In this case, because appellees' Batson claim was unpreserved at trial, they would have to meet the collateral standard noted in Uderra and followed in subsequent cases. Appellees have not argued before this Court, much less attempted to prove, an entitlement to relief under Uderra. Rather, appellees urge this Court to reject that standard under Holloway v. Horn, 355 F.3d 707 (3d Cir. 2004). We have reviewed such a request and declined to overrule Uderra on the basis of Holloway. See Commonwealth v. Jones, 951 A.2d 294, 300-01 (Pa. 2008). And, notably, the Third Circuit has recently joined this Court and the majority of courts to consider the question and recognized that a contemporaneous objection is required in order to preserve a Batson issue for purposes of appeal. See Abu-Jamal v. Horn, 520 F.3d 272, 283-84 (3d Cir. 2008). Accordingly, appellees' claim, which they would litigate as if it were preserved, fails for this reason alone. Furthermore, as the PCRA court credited ADA Cameron's testimony regarding the reasons for striking the African American jurors, appellees could not meet the Uderra standard even if they had properly framed and argued their collateral claim.

Finally, appellees raise numerous other claims which, though dismissed by the PCRA court, were not addressed by the PCRA court on the merits either in its opinion or elsewhere on the record. For example, in its opinion, the PCRA court acknowledged that appellees raised other claims of error in connection with the penalty phase of the trial, but stated that those claims were rendered moot because of its decision to grant a new trial, and thus dismissed them. Given the prospect of appellate review, and to avoid piecemeal review, PCRA courts in capital cases should be thorough and should address all issues. In light of our disagreement with the PCRA court's existing grant of relief, the proper course is to remand for the PCRA court to address these claims.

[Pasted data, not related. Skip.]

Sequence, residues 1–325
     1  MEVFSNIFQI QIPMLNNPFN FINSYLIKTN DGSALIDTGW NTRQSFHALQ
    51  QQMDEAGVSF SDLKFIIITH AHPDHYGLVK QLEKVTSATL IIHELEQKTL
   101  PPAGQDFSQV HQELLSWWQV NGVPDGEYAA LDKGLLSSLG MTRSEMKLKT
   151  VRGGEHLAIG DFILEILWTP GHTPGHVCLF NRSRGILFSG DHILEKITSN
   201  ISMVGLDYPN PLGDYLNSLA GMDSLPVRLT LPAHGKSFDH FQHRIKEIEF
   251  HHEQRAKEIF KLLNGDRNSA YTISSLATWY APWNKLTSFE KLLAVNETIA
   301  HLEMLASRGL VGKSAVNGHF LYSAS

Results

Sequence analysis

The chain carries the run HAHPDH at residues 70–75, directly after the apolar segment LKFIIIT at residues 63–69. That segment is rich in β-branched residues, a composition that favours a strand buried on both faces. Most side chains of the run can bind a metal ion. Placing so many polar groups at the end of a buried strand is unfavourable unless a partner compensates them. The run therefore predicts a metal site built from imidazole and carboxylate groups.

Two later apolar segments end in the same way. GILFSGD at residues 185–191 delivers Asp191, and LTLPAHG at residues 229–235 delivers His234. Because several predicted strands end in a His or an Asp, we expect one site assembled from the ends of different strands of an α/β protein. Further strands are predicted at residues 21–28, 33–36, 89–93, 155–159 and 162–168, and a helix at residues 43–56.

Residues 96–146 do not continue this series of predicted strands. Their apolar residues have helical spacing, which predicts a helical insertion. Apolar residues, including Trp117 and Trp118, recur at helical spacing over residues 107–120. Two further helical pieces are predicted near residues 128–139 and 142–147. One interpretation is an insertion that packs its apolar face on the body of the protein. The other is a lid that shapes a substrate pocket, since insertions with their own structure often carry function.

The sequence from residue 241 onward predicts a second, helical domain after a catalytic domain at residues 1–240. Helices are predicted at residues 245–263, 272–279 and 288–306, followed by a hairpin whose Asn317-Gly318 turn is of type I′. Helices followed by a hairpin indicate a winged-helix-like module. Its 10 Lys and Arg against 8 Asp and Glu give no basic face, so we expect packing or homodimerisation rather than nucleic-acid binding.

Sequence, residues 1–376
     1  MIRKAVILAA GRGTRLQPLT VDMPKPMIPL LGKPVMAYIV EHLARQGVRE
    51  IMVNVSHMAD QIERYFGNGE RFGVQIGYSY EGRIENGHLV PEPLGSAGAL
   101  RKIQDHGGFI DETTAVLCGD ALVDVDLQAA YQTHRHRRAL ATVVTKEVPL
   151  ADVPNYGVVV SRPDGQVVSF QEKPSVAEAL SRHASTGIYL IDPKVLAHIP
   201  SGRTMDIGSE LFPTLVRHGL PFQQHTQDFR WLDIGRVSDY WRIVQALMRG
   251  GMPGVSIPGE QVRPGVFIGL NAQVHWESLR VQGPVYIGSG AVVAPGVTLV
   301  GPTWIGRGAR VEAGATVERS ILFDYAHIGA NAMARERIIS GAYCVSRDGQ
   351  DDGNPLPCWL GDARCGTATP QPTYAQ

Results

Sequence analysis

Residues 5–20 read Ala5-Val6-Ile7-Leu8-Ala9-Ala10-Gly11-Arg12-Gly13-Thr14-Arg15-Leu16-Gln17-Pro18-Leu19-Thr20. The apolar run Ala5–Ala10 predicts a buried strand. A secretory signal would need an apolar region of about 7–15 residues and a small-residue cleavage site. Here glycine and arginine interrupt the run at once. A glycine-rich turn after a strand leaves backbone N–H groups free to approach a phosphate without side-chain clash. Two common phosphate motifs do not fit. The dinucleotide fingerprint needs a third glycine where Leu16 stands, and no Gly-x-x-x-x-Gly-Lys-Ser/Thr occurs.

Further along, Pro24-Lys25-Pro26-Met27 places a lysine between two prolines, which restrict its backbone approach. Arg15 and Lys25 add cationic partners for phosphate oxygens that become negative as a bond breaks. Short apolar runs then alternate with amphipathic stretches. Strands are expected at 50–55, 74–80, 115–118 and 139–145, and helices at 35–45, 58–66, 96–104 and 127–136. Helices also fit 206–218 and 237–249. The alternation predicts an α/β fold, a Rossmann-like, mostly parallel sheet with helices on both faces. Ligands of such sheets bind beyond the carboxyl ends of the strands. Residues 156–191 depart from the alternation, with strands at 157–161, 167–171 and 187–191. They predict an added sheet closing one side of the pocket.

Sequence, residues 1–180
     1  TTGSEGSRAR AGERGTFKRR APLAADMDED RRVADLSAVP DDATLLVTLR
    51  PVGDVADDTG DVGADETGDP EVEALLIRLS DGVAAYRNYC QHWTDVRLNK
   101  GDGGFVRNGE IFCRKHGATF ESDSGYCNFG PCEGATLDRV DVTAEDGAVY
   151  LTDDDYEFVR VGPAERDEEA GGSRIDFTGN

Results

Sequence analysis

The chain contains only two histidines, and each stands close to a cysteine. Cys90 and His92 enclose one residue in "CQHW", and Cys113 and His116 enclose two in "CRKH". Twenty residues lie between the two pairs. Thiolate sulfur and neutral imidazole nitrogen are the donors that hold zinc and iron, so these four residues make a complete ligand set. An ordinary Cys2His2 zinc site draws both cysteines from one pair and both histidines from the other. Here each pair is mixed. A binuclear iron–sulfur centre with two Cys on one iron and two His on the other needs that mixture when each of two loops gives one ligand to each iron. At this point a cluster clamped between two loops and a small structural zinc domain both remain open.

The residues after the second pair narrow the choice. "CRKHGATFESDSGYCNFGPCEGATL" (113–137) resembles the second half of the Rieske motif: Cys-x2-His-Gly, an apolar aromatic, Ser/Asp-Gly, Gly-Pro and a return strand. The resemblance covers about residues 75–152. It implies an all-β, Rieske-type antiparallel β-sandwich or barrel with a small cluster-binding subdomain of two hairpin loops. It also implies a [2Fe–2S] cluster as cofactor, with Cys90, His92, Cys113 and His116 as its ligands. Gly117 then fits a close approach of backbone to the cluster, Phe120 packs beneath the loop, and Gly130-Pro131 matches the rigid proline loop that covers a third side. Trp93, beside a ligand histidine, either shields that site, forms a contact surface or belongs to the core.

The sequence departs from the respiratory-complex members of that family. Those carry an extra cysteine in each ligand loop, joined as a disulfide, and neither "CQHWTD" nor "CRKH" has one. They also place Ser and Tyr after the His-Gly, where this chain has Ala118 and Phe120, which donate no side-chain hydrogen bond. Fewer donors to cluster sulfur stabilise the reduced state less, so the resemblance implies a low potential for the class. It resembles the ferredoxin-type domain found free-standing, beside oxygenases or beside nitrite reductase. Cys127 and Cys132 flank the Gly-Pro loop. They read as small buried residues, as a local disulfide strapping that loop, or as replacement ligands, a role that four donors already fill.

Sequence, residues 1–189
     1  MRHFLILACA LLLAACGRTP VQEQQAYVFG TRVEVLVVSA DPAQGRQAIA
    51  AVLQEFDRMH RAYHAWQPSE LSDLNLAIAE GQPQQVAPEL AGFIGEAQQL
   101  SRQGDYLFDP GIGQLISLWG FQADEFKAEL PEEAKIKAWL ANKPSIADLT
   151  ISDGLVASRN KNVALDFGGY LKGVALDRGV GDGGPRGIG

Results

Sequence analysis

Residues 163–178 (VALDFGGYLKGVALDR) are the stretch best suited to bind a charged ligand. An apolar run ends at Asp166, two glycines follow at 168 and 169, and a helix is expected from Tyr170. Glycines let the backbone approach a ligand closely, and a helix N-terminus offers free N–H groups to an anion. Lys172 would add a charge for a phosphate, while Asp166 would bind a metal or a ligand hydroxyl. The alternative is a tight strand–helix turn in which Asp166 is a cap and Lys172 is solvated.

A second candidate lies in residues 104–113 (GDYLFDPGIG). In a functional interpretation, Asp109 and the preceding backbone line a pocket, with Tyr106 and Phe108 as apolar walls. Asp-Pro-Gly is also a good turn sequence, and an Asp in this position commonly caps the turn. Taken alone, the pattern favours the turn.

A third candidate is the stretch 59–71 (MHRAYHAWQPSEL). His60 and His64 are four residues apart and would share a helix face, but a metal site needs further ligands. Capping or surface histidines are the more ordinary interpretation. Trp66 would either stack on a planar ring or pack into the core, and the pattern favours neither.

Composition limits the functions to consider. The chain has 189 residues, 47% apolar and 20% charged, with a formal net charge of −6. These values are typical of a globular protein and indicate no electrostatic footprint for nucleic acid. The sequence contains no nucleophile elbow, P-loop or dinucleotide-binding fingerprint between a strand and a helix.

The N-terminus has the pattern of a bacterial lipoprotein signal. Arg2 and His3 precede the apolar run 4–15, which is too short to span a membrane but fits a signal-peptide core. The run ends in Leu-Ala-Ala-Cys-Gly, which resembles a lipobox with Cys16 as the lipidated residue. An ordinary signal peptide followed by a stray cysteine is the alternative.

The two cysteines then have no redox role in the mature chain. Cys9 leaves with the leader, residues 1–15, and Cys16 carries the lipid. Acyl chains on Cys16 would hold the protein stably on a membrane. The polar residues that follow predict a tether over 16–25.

In addition, the PCRA court failed to explain the basis for its determination that appellees' many other claims affecting the guilt phase were meritless. Because of the PCRA court's failure, we have no rationale supporting the denial of appellees' remaining claims and cannot conduct meaningful appellate review. Under such circumstances, we will remand the matter to the PCRA court to write an opinion addressing all of the PCRA petitioner's claims. See Commonwealth v. Fletcher, 586 Pa. 527, 896 A.2d 508, 523 (2006) (remand necessary when PCRA court focused exclusively on one claim and failed to offer any rationale regarding appellee's remaining claims); see also Commonwealth v. Dennis, 950 A.2d 945, 979 (Pa. 2008); Commonwealth v. Fulton, 583 Pa. 65, 876 A.2d 342 (2002). Accordingly, we remand this matter to the PCRA court to furnish a written opinion on the remaining claims raised by appellees in their petitions for post-conviction relief, including those claims that it previously dismissed without a hearing. As to any claims requiring resolution of disputed material facts, the court should include specific factual findings and express credibility judgments.

The order of the PCRA court is vacated and the matter is remanded for further proceedings consistent with this Opinion. Jurisdiction is relinquished.

Justice GREENSPAN did not participate in the consideration or decision of this case.

Justice EAKIN and BAER, Justice TODD and Justice McCAFFERY join the opinion.

Justice SAYLOR files a concurring opinion.

I join the majority opinion subject to the following reservations.

The majority indicates that requests for rules to show cause are commonly made ex parte. See Majority Opinion, op. at 418-19. I believe that, where reasonably practical, prior notice should be given to opposing parties, and thus, I would not endorse ex parte practice as normative.

Separately, I differ with the majority's conclusion that the jury charge, taken as a whole, satisfied the requirements of Commonwealth v. Huffman, 536 Pa. 196, 638 A.2d 961 (1994). As I find this case to be on all fours with Commonwealth v. Speight, 578 Pa. 520, 854 A.2d 450 (2004), however, I join the majority's ultimate disposition of the jury-instruction claim based upon precedent. See generally Commonwealth v. Cox, 581 Pa. 107, 149 n. 3, 863 A.2d 536, 561 n. 3 (2004) (Saylor, J., dissenting) (expressing the view that Speight implicitly overruled Huffman in these circumstances); Commonwealth v. Jones, 590 Pa. 202, 250, 912 A.2d 268, 297 (2006) (Saylor, J. concurring) ("[A]fter Cox, it seems to me that the only surviving vestige of Huffman is that which remains to be litigated in the federal courts under due process theory." (citing Laird v. Horn, 414 F.3d 419, 425-28 (3d Cir. 2005))).